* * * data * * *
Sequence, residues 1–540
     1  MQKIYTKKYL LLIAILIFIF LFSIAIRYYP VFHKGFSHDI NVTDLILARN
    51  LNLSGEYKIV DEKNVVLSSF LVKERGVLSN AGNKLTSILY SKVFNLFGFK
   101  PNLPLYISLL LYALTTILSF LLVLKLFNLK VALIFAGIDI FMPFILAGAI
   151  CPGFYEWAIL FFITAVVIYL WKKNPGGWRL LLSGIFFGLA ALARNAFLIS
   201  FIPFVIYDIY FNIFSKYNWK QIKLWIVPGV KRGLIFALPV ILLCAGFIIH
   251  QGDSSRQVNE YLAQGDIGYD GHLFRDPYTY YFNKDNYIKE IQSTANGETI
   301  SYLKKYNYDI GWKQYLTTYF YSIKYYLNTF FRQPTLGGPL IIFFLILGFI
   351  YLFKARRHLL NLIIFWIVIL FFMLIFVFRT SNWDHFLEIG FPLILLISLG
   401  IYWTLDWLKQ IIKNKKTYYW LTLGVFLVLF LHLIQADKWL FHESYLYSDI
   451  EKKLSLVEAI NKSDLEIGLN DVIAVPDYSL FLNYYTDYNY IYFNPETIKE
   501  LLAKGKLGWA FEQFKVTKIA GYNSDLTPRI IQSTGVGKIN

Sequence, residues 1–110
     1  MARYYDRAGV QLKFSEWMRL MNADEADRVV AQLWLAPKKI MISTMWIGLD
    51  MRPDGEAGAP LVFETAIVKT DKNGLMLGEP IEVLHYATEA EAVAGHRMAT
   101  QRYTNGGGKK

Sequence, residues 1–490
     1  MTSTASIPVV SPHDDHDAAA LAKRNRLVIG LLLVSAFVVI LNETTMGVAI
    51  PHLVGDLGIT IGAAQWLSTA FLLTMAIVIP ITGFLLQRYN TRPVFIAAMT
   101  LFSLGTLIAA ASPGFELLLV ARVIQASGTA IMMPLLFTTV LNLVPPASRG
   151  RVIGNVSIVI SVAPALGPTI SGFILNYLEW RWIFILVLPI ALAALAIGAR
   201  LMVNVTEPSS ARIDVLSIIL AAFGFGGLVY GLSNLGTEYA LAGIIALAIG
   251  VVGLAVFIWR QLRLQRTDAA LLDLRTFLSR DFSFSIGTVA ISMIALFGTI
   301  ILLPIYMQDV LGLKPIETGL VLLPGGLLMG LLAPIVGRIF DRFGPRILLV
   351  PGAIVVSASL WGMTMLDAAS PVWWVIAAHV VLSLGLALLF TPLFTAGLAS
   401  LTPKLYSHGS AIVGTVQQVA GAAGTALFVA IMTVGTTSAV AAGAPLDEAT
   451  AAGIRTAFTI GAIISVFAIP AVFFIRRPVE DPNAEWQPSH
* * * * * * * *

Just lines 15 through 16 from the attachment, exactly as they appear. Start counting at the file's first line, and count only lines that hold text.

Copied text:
    51  MRPDGEAGAP LVFETAIVKT DKNGLMLGEP IEVLHYATEA EAVAGHRMAT
   101  QRYTNGGGKK